GLOBAL - Environmental, social and governance (ESG) research needs to include analysis that is forward-looking, say researchers at Société Générale.
Carole Crozat, analyst for socially responsible investment (SRI) at Société Générale (SG) Cross Asset Research, told IPE: "A lot of data used for ESG research relies on the past.
"The development of non-financial data and metrics has made huge strides over the last 10 years and helps us evaluate ESG performance.
"But our research process must be dynamic to enable us to evaluate changing trends and potential risk catalysts at the same time."
Niamh Whooley, SRI analyst at SG Cross Asset Research, added: "The growth in ESG investment opportunities and risks must also be understood against the background of recent global macroeconomic drivers of change, such as the emerging markets' impact on global consumption, from food to infrastructure needs.
"An important part of our research is to distinguish between those ESG issues that are already well understood by the market and those that are not and bring our SRI focus to the latter."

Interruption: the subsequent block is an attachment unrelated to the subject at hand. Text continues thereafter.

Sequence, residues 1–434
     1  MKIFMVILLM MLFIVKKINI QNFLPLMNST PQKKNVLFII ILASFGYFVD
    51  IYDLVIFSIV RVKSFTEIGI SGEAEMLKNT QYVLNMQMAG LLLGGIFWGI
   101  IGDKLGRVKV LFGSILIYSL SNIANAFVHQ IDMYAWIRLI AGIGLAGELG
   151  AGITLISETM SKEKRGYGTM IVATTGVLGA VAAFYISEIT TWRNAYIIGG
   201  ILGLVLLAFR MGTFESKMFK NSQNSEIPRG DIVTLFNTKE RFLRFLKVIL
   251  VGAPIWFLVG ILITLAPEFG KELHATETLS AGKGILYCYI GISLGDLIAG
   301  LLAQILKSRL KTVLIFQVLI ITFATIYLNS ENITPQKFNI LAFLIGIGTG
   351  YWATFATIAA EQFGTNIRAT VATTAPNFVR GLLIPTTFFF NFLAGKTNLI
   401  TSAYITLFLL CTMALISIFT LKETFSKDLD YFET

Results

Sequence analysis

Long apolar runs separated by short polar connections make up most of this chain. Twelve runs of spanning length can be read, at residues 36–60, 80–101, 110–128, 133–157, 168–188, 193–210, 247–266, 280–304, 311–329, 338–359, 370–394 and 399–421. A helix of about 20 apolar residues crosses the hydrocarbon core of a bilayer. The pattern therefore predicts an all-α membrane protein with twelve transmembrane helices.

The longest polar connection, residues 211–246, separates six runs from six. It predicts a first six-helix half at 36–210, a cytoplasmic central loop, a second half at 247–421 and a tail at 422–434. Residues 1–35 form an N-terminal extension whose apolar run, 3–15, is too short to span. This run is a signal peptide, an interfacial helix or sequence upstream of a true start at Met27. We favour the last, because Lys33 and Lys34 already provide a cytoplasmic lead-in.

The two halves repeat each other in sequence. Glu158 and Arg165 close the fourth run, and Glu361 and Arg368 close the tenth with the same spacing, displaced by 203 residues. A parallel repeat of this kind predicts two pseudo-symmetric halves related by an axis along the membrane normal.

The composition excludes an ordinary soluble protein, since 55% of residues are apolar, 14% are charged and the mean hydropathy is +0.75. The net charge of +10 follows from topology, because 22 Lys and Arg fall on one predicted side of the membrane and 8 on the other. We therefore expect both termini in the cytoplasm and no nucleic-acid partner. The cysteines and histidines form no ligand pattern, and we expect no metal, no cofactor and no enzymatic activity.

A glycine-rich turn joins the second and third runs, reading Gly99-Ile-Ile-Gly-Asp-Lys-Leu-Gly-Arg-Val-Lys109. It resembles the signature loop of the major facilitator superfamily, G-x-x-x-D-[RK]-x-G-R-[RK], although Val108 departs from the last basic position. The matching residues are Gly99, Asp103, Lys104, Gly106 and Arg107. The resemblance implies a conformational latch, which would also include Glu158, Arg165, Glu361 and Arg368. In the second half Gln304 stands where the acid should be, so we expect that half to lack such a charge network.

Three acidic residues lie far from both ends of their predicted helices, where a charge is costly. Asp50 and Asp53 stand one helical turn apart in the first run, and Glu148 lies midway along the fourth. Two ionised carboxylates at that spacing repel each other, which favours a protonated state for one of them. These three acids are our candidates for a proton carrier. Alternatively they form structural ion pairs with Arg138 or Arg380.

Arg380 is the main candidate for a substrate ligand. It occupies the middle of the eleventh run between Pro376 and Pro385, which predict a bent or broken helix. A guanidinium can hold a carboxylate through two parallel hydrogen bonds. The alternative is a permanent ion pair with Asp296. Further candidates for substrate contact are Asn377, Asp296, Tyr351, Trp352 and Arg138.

SG Cross Asset Research recently published an all-sector covering equity report, which identified key ESG issues that are a blend of operational management in areas such as health and safety and people management, alongside a forward-looking focus on emerging themes.
Yannick Ouaknine, senior SRI analyst at SG Cross Asset Research, said: "As with financial analysis, the non-financial data on all aspects of the company's past sustainability performance helps us to position the company.
"But on top of that, we advocate focusing on a handful of key ESG issues in each sector in order not to lose the signal of what could impact on financial performance."
The 'SRI: Beyond Integration - from satellite to core' report found that the materiality of ESG issues has increased over the past few years and aimed to identify those that can have an impact on company cash flow, balance sheets, reputation and value.
It includes a watchlist of companies that illustrate good management and innovation in their specific sector.
In their integrated ESG research, Crozat, Whooley and Ouaknine work with equity, credit and commodities analysts and asset strategists, as well as economists.
Crozat and Ouaknine are based in Paris, while Whooley works with Société Générale's financial teams in London.